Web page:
Miscommunication isn’t new; it’s woven into the very fabric of our language. One little tug of a thread, and a conversation splits and unravels. Nowhere has this been demonstrated more clearly than at the Tower of Babel. You can read the account in Genesis 11:1-9, reprinted below:
“Now the whole world had one language and a common speech. As people moved eastward, they found a plain in Shinar and settled there.
They said to each other, ‘Come, let’s make bricks and bake them thoroughly.’ They used brick instead of stone, and tar for mortar. Then they said, ‘Come, let us build ourselves a city, with a tower that reaches to the heavens, so that we may make a name for ourselves; otherwise we will be scattered over the face of the whole earth.’
But the Lord came down to see the city and the tower the people were building. The Lord said, ‘If as one people speaking the same language they have begun to do this, then nothing they plan to do will be impossible for them. Come, let us go down and confuse their language so they will not understand each other.’
So the Lord scattered them from there over all the earth, and they stopped building the city. That is why it was called Babel—because there the Lord confused the language of the whole world. From there the Lord scattered them over the face of the whole earth.”
A name for ourselves. Recognition. We won’t be scattered across the earth. Everything is within our grasp.
These people understand each other and approach this project united with what they have in common. But they are proud. They think that they do not need God, and they want glory and fame for themselves.
God, in heaven, has to come down in order to see the miniscule tower that is supposed to stretch up to his throne. These people may speak a common language, but they do not understand a most basic truth: God is powerful and will not give His glory to another. Their rebellion hurts God in a way they cannot understand. Their pride makes them feel as though they do not need God since they depend on themselves. So God confuses their languages. Without a uniting factor, the cause that was once so important is abandoned.
I’ve taken up and abandoned causes before. I suppose I’ve been searching for something deep enough to spend my life pursuing. I’ve been searching for a cause vital enough to make dividing factors such as language, race, and gender become as transient as lines in the sand. At Babel, people were united over what they had in common. It really isn’t that difficult to be united when everyone looks, acts, and speaks the same way you do. The builders shared a linguistic and cultural background, but when that commonality disappeared, the project failed and their sand castle kingdom crumbled. I don’t want to be building another tower; I want something that will last.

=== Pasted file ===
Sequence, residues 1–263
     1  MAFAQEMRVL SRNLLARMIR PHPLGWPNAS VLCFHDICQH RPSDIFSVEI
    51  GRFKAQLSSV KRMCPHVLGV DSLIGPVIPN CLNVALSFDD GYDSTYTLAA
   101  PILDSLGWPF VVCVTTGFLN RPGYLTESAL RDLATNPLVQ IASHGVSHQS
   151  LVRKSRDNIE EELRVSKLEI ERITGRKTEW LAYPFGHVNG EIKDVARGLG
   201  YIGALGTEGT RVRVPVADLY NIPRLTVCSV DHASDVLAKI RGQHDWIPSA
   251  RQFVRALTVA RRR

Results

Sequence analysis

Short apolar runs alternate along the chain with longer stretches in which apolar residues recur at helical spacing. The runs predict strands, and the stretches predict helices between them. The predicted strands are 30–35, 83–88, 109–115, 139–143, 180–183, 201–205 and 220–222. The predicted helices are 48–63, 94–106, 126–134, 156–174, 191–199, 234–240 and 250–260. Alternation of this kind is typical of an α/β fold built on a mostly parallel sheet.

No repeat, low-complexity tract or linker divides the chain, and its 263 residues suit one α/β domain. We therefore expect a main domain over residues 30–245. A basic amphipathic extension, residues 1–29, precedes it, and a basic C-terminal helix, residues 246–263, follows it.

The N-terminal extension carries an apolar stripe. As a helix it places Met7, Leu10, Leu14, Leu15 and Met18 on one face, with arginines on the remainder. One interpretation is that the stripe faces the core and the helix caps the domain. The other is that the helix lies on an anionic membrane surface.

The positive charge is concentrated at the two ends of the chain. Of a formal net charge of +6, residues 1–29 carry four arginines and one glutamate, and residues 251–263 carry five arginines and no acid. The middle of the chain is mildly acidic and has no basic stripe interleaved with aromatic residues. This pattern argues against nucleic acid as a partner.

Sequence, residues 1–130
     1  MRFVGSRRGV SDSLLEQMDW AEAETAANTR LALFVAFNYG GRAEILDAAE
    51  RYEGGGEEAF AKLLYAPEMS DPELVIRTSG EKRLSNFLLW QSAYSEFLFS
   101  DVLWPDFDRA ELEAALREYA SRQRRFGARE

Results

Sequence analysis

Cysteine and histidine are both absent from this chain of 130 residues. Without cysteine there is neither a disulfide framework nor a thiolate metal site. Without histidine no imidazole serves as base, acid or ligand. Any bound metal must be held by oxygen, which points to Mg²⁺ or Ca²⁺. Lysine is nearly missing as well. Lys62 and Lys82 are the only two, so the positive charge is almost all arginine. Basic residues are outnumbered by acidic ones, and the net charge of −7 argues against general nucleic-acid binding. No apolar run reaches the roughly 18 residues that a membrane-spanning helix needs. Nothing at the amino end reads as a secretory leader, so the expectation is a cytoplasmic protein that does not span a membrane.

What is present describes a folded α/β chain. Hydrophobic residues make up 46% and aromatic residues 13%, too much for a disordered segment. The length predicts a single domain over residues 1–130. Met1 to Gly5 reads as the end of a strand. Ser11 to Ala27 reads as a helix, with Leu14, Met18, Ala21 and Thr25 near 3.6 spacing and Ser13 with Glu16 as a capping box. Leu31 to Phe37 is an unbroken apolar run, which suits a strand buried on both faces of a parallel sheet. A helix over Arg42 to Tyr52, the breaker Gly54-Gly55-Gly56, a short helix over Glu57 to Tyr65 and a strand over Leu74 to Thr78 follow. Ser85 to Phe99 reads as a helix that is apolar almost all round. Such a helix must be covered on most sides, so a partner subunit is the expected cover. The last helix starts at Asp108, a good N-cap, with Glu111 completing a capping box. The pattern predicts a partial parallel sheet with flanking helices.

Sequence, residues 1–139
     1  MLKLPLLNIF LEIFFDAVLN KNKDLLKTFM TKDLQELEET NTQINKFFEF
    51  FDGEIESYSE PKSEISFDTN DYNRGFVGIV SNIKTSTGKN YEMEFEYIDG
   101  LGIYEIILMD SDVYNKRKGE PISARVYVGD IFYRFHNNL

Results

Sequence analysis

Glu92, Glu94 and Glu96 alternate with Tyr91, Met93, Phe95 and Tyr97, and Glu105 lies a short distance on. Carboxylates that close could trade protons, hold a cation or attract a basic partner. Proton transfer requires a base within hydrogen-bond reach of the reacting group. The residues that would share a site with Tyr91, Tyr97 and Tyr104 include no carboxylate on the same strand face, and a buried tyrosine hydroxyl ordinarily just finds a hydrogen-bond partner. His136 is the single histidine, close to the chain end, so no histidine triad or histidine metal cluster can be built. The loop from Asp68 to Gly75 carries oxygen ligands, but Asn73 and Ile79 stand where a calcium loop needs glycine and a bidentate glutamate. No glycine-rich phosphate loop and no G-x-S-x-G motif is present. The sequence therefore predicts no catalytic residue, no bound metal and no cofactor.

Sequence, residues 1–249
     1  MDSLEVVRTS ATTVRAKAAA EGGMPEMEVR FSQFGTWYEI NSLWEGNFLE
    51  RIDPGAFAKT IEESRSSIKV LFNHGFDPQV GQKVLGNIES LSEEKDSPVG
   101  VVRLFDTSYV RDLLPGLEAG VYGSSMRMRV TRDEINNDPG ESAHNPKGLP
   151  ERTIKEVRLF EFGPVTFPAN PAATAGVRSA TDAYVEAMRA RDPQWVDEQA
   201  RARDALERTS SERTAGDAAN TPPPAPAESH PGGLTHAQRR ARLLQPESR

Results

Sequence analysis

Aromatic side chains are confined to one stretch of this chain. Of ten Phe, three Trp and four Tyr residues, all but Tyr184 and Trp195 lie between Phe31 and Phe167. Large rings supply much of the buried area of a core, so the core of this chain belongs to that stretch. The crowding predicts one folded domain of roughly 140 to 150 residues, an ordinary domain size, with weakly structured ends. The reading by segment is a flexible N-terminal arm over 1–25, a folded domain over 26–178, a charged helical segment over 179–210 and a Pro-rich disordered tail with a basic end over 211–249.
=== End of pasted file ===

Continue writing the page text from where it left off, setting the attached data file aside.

Today there is a different kingdom in the making. Instead of pride and recognition, the great ones of this kingdom have chosen to serve others. Money does not buy power here; it’s actually a hindrance. The purpose in this kingdom is not to acquire wealth, but to share it with love and generosity. What about the weak, the disabled, the poor, the underprivileged? The people formerly living on society’s margins are important and welcomed. Everyone has a place here.
Unlike Babel, the citizens of this kingdom do not always share the same language, race, or culture, yet everyone is gathered around a common cause of loving God and loving people. God is reversing the events at Babel by bringing unlike people together for His glory. Language may seem to divide us, but Revelation shows us a vision where people from every nation and language are standing before the throne of God in worship. Every language is a unique way of giving praise to God. He created language and knows its intricacies.
There is both a pattern and chaos to language. Linguists seek out a defined order, but there is always an exception or spontaneity that makes language simultaneously enthralling and maddening. Language is the only way we have to communicate our deepest thoughts, experiences, fears and goals. With a propensity for miscommunication, there is no guarantee that an audience will interpret our message accurately.
Yet somehow, language still works. It is the best means of communication we have. Language is a filter for all our experiences and knowledge; it is through language that we experience the world, communicate our desires and understand other people. And somehow, every language has the capacity to help people understand–in part–who God is.
The God of the universe chooses to reveal Himself to us through human language.
Tower of Babel
By Pieter Bruegel the Elder, 16th century.
Taken from wiki commons : http://commons.wikimedia.org/wiki/Category:Tower_of_Babel